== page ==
Low Scrubs: A Walk in Time
For many centuries, perhaps dating back to Anglo-Saxon times, Low Scrubs was part of common woodland where anyone could collect fuel. Under the 1805 Enclosure Act, the present roughly 40 acre area was assigned to Ellesborough Parish for the poor of the parish to collect and take out wood fuel. Individual families were allotted their own compartments of trees. This usage continued until the Second World War. The National Trust bought Low Scrubs from the Ellesborough Charities in 1985.
The walk is way-marked with orange arrows mounted on wooden posts at all major changes in direction.
Coombe Hill car park, grid ref SP 851062
Start the walk at the right hand side of the entrance to the car park as you drove in, following the Public Footpath sign to enter the woodland just to the left of the wooden posts. After 50m ignore a path bearing to the right. Pause here to look at the trees around you. Continue on the main path winding through the trees until you reach a sign-post on a crossing, sunken path.
Some beech trees within Low Scrubs were regularly cut down to near ground level (coppiced) and then allowed to grow back. Others had branches lopped off using hooks and axes - saws were not allowed. This regular cutting extended the life of the trees and these may be some of the oldest surviving beech in the Chilterns. The National Trust is continuing this regular cutting on a more sensitive scale.
Turn left here and head gently uphill on this ancient trackway. Continue on the main, broad path for 350m until you reach a large beech tree with a marker pointing to a path on the right.
Bundles of firewood and faggots (sticks) were taken out by villagers (often the women) on their backs or using wooden trolleys, much going to homes in Dunsmore 1 km away. The regular fuel removal created sunken trackways through the woods, often along the boundaries of the family compartments.
Turn right onto this path, partially back from the way you came. After 100m you reach a crossing point with another path joining from the left. Cross this path, keeping the same direction, going through a gap in a distinct line of large trees. Notice some curious ironwork, about a metre long, partially embedded in a tree.
This cast iron deer fence was hand made in 1902 by Chiltern Ironworks of Wendover. A hand-operated press made the holes in the fence uprights. The fence ought to have been removed for the war effort during World War 2 but was left as in places it had become embedded in the trees.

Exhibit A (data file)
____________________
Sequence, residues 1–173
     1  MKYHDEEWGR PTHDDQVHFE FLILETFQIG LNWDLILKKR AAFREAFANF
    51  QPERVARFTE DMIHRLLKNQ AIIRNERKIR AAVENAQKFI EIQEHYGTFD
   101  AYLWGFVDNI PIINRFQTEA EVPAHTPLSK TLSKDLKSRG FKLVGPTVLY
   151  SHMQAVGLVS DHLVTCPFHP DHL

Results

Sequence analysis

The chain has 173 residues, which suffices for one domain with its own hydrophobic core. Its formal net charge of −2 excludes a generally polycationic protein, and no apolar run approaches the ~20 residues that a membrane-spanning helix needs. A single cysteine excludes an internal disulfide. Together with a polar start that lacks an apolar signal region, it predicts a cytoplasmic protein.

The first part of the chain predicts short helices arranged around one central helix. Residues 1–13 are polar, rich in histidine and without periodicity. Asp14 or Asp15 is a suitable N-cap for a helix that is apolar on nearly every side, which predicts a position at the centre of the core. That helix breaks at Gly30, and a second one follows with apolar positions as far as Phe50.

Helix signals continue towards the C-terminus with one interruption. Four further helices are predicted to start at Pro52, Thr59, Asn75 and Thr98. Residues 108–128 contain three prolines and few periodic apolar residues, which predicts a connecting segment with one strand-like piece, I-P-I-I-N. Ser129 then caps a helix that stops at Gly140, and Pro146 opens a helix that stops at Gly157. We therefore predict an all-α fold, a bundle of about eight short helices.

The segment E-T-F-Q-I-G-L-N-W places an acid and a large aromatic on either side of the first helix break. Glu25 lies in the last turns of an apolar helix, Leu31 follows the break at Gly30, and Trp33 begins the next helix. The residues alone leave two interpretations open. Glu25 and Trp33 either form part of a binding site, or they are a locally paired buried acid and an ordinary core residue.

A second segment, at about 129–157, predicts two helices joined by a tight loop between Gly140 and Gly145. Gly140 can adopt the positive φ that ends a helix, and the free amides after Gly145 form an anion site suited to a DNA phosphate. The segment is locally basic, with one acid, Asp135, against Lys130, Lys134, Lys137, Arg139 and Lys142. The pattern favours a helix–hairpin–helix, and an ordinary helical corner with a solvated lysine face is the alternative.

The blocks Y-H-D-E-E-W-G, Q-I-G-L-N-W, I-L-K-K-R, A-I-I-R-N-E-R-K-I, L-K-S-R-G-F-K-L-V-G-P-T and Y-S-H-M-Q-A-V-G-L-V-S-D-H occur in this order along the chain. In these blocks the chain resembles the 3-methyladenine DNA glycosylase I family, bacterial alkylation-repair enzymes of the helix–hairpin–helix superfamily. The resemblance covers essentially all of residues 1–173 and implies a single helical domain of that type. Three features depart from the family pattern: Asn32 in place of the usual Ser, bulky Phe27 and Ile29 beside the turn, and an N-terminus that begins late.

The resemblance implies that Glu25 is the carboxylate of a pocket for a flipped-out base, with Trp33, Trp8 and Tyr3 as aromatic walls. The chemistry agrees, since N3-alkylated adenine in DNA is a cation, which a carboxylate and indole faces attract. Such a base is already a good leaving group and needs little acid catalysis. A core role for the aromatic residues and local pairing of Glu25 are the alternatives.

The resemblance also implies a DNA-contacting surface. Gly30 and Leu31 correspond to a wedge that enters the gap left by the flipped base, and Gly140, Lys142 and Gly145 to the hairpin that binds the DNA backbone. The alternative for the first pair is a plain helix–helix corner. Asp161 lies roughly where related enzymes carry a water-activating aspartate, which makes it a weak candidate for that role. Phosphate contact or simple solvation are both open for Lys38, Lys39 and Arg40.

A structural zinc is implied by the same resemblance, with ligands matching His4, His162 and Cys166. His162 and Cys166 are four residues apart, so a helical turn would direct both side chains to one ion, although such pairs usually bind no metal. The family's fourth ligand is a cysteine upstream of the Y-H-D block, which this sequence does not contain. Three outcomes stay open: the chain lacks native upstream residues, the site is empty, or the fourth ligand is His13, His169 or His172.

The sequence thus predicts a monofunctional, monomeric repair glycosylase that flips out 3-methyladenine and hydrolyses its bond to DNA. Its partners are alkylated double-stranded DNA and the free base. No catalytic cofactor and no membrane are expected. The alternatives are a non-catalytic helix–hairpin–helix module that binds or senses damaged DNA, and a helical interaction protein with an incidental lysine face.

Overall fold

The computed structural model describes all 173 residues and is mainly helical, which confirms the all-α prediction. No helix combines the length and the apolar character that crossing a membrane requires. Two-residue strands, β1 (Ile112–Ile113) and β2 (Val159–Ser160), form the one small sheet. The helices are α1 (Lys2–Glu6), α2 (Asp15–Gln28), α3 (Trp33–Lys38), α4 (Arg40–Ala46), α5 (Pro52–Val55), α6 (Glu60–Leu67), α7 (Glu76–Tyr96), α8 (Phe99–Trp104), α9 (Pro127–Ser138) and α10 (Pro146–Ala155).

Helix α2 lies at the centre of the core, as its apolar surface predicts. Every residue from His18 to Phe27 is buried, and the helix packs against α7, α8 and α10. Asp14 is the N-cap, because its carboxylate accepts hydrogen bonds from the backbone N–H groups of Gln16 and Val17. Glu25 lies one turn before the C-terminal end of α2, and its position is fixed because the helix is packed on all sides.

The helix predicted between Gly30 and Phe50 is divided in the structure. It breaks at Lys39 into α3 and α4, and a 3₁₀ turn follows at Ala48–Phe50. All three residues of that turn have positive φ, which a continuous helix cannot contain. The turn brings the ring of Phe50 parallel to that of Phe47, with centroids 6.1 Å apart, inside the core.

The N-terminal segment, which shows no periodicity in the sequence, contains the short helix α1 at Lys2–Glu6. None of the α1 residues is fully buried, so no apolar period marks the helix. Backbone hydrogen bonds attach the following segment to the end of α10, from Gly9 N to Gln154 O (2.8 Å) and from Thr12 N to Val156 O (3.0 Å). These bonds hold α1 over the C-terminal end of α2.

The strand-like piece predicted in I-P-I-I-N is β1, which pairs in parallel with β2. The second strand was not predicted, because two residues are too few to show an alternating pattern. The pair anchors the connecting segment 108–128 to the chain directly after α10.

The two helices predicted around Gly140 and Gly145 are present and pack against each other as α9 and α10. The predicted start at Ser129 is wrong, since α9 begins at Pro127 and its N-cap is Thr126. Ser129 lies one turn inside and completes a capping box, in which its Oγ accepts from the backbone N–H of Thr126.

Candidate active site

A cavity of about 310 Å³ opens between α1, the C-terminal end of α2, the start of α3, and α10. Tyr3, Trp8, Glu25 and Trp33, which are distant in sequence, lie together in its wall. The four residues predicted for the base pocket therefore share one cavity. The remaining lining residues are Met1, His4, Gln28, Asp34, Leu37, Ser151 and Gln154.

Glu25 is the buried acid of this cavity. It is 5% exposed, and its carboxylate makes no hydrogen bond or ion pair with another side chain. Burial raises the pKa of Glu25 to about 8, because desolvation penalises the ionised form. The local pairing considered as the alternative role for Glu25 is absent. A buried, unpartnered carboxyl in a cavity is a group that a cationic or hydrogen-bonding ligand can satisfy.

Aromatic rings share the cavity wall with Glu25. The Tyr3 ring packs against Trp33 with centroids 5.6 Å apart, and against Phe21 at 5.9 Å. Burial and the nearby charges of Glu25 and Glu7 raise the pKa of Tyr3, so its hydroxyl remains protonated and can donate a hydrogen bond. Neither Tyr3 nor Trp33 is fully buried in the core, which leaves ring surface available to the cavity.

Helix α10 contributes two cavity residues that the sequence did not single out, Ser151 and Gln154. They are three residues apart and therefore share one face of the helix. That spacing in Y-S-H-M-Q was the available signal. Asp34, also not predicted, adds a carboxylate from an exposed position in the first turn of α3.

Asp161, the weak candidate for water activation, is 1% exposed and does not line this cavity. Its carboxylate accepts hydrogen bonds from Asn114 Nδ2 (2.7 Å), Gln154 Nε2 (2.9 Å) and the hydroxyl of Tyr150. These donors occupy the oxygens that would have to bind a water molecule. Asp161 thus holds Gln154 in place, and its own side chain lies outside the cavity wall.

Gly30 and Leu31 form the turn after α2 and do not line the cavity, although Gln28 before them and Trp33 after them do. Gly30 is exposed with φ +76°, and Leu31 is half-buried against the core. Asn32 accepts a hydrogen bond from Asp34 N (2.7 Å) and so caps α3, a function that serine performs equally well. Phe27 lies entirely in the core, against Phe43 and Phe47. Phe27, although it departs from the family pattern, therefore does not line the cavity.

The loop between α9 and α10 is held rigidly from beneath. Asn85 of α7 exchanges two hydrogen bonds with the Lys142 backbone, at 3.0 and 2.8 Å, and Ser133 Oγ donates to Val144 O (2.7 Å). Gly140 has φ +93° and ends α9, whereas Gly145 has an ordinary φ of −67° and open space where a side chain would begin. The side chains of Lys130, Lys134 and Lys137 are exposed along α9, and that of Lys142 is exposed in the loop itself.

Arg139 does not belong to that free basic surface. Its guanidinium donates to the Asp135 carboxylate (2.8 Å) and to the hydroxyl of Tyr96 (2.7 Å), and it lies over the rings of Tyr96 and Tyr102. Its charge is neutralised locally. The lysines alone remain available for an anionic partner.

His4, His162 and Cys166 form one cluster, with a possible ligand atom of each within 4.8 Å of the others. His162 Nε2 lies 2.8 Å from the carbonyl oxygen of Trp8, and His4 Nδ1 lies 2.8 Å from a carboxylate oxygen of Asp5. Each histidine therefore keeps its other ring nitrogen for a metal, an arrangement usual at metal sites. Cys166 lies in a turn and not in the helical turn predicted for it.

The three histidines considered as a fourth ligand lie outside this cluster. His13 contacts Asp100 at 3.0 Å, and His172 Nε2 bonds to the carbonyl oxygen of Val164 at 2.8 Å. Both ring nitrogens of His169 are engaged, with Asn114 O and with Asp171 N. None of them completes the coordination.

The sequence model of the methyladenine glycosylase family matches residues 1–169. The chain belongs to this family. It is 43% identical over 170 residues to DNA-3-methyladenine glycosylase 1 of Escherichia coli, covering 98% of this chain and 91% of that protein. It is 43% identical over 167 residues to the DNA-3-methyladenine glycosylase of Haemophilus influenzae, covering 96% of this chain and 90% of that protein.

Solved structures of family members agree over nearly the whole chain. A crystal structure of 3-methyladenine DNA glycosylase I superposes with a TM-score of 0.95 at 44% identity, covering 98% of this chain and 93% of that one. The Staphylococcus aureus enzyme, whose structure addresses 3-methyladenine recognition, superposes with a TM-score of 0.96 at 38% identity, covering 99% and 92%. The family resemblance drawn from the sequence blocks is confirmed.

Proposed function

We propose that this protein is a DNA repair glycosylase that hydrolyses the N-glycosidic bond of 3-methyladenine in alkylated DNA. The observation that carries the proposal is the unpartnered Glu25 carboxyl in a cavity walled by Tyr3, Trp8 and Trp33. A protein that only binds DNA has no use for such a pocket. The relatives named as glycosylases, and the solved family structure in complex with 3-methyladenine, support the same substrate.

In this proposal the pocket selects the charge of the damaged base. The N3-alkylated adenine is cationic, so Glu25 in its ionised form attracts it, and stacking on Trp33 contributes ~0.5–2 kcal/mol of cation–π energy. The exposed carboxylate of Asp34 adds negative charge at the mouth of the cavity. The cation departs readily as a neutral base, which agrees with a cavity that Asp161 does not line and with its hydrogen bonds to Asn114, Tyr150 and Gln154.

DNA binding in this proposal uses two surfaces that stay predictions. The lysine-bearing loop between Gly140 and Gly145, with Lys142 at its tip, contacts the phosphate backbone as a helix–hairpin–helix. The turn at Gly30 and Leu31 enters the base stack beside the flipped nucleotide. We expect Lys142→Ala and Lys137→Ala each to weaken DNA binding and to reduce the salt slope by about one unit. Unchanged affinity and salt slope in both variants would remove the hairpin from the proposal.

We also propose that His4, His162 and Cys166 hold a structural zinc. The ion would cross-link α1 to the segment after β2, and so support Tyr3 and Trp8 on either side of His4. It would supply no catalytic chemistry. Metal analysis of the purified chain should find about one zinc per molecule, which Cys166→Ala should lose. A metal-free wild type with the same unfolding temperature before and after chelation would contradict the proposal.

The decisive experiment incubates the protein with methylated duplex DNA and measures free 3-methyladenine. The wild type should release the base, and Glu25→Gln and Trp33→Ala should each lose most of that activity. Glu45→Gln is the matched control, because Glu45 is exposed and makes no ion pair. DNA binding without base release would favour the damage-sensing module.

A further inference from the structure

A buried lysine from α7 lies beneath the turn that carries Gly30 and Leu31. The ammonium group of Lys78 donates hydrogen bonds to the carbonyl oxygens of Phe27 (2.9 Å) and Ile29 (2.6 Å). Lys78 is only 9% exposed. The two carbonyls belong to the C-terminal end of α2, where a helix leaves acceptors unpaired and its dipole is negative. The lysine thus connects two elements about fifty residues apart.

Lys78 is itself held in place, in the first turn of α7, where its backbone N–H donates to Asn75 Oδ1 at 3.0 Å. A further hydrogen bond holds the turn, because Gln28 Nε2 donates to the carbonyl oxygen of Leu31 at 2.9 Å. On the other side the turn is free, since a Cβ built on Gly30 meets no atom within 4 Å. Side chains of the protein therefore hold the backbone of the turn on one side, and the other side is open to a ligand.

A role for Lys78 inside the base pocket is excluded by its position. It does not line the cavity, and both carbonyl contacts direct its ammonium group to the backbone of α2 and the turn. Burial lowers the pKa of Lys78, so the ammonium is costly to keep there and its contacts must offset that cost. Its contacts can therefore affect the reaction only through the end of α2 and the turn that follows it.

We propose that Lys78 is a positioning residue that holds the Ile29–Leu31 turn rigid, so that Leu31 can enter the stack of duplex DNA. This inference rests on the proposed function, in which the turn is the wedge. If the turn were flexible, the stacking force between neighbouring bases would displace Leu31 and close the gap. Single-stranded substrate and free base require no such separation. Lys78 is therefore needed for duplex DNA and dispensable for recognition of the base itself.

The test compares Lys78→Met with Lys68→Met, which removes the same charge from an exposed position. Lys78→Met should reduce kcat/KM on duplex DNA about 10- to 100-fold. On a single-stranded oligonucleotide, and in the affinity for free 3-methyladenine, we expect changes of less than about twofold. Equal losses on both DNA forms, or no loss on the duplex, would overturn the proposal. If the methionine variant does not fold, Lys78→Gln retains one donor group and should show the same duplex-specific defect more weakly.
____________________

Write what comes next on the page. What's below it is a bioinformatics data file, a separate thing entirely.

Turn immediately right at the iron work to follow a broad path with the distinct line of large trees on a bank on your right. After a while this path curves round to the left until you reach a T-junction. Notice more of the gate and fence ironwork on the opposite side.
This bank and ditch is thought to have been constructed to mark the boundary of the fuel allotment area in 1805. The eastern section here is also the District and Parish boundary. The trees along the bank were originally coppiced and laid to form a hedge.
Turn right and follow the path keeping the iron fence on your left, with a paddock behind. After 200m you reach a point where wooden, solid fencing has been installed behind the iron railing fence. Stop here to look back and just to the right of the path you walked down. Try to spot the outline of a low, 5m wide ditch forming a right-angled corner. This ditch can be traced over an approximately 50 x 50m area. Archaeologists have identified it as the possible remains of a cattle enclosure dating back to the late Iron Age (2000 – 2500 years ago). Continue for another 50m to a footpath sign.
Turn right here to walk along a flat then gently downhill narrow path. This is likely to have been another ancient trackway between two compartments of trees. At the end of the downhill section you meet a crossing path.
Turn right here. After about 100m a clear area appears to the left of the path. Then, about 25m after re-entering woodland, stop to look at a small depression with raised banks just to the left of the path. This is thought to be the remains of a lye pit.
This Q-shaped depression may have been a lye or potash pit for burning bracken, gorse and branches. A stoke hole in one side was used to stir the embers to make sure they burned evenly to a fine ash. Possible uses for the potash were for glass making or to create a liquid called lye for making soap. However, it is likely here that the potash was used as a soil fertiliser to encourage the re-growth of trees after their harvesting for wood.
Turn round to retrace your steps. Continue past where you joined this path then bear right at a footpath sign to walk gently uphill until you reach a T-junction.
Turn sharp right here towards a thick grove of silver birch tree. Notice a small pit just to the left of the path as you leave the grove. This is possibly another lye pit. On leaving the copse, stop to look at the landscape of Low Scrubs here, very different from the dense woodland you first entered. Continue along the path until you rejoin the path you first started the walk on. Turn left to return to the car park.
Bracken and Birch Area
This area of Low Scrubs, now dominated by bracken with silver birch trees, was kept as open grazing ground for sheep.
Coombe Hill car park, grid ref SP 851062
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